Last post I showed a Google Maps image of the serpentine road leading up into the sequoia groves …

Serpentine Road to the Sequoia Groves
Serpentine Road to the Sequoia Groves

… but I thought this image taken from the road itself would give a better idea of just how severe a mountain drive this is.

Mountain Stream
Mountain Stream

But one of the advantages gained by climbing this road up into the 7000′ elevation range is discovering snow melt filled streams like this one running through the tall pines.

Mountain Stream
Mountain Stream

Snowpack measured in the Sierras this spring show levels up to 190% of normal accumulations, a very good sign of California finally getting a little break from the severe drought conditions of the past several years.

Potholes
Potholes

Being up here this early does present many obstacles to getting to explore the upper elevations ( roads closed due to snow accumulation ) around Sequoia National Park, but it also does give one access to many steams that later in the year have most likely all but dried up and disappeared.

Spring Runoff
Spring Runoff
Spring Runoff
Spring Runoff
Potholes
Potholes
Redbud and Mountain Stream
Redbud and Mountain Stream

Still finding redbud blooms while exploring the upper elevations!

Hope to proceed up to Yosemite in the next day or two as there appears to be a brief window of favorable weather approaching.

Thank you for shopping Amazon from my site!

When you click through to shop Amazon from here, I get a tiny commission, one that does not in any way impact what you pay, and all those tiny commissions eventually add up and that helps me keep this blog going !


 

July 19, 2015 Wasilla, Alaska

Hatcher Pass View From the Top of the Road to Willow
Hatcher Pass View From the Top of the Road to Willow

A Gorgeous Day at Hatcher Pass

Yesterday I left Anchorage and travelled a short way north to Wasilla and set up in the Walmart parking lot. I am truly experiencing a real wilderness adventure the past week or so, boondocking first in Cabella’s parking lot and now at Walmart, but the truth of the matter is that I have yet to find a decent private campground in my Alaska travels. All have you packed in like sardines and seem very much overpriced for what they offer.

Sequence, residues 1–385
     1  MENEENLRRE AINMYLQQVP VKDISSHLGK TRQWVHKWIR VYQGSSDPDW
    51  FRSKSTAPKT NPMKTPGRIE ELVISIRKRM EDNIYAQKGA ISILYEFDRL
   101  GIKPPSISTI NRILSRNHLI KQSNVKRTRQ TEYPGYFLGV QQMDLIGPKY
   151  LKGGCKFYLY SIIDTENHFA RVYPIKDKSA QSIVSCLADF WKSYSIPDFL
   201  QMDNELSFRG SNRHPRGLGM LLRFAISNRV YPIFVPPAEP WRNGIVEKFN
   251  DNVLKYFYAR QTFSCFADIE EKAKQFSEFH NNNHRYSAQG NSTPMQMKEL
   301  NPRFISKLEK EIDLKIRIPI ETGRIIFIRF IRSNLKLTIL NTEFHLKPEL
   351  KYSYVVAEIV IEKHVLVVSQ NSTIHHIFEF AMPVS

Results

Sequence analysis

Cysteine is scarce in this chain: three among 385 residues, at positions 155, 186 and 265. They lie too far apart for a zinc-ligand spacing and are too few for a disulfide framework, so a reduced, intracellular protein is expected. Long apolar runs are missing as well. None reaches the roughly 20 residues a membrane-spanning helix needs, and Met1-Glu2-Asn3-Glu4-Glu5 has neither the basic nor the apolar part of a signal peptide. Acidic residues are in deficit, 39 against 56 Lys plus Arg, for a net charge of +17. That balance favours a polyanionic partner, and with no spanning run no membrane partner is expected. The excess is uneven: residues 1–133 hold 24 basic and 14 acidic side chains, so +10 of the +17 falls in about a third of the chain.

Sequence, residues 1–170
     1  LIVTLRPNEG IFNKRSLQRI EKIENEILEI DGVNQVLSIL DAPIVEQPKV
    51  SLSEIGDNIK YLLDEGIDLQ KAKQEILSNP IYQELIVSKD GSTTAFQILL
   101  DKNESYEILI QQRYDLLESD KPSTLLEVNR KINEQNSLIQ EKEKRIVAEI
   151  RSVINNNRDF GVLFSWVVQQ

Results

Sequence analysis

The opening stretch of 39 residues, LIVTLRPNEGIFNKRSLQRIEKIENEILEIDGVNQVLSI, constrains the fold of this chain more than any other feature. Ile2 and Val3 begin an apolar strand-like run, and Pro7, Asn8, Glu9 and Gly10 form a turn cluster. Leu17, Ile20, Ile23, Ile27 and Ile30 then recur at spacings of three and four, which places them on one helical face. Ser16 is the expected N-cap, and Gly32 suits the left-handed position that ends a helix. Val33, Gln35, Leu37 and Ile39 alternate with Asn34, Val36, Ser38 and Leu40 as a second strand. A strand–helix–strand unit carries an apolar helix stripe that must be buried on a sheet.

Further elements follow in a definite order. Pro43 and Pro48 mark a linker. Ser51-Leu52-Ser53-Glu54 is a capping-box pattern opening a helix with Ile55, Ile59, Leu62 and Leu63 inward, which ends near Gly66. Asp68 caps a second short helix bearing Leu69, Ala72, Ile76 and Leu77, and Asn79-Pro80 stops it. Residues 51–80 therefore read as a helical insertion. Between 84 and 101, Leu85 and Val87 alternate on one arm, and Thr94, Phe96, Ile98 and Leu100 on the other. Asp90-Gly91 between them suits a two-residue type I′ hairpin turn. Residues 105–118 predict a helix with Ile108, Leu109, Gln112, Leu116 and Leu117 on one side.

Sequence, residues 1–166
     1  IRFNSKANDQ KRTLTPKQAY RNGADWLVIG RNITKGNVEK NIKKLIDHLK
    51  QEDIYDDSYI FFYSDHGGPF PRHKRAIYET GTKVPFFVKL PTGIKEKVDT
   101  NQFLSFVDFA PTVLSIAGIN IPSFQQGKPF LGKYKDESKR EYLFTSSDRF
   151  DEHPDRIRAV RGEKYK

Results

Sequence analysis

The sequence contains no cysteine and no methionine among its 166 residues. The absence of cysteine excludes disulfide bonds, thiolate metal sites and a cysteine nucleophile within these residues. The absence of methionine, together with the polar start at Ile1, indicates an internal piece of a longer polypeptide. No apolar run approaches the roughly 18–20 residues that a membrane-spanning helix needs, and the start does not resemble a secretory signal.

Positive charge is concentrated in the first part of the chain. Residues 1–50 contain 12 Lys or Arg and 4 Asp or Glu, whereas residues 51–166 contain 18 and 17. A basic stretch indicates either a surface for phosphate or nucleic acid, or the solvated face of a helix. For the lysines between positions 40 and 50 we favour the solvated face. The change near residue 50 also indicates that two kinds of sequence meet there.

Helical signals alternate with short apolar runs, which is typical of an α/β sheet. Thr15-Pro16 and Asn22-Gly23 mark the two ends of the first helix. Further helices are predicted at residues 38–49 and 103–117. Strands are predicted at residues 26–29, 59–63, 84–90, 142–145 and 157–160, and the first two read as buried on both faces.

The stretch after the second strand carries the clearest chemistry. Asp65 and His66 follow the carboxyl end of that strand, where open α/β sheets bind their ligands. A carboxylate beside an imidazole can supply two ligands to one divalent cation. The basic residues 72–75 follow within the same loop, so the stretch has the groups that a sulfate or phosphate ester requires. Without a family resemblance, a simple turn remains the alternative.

As always, click on any image for a larger, sharper version.

Three Rocks
Three Rocks

With nice weather predicted for today I was out and about before 7 AM and drove out the Wasilla-Fishhook Road heading for the Hatcher Pass. The Little Susitna River parallels the road as you gain elevation on the way up to the pass, so I had to stop for a few river shots.

Little Susitna River
Little Susitna River
Little Susitna River
Little Susitna River

The easily climbed paved road up to the State Historical Park at Hatcher Pass provides several great vantage points for photos as well as a couple of primitive campgrounds that would handle mid-sized rigs.

Hatcher Pass Mine State Historical Park
Hatcher Pass Mine State Historical Park

There are a few restored buildings at the State Park and some old mining facilities that have definitely suffered from years of abandonment.

Old Mine Works
Old Mine Works
Alaska Marmot Catching His Morning Rays
Alaska Marmot Catching His Morning Rays

There also was this Alaskan Marmot warming himself up in the early morning sun.

Alaska Marmot
Alaska Marmot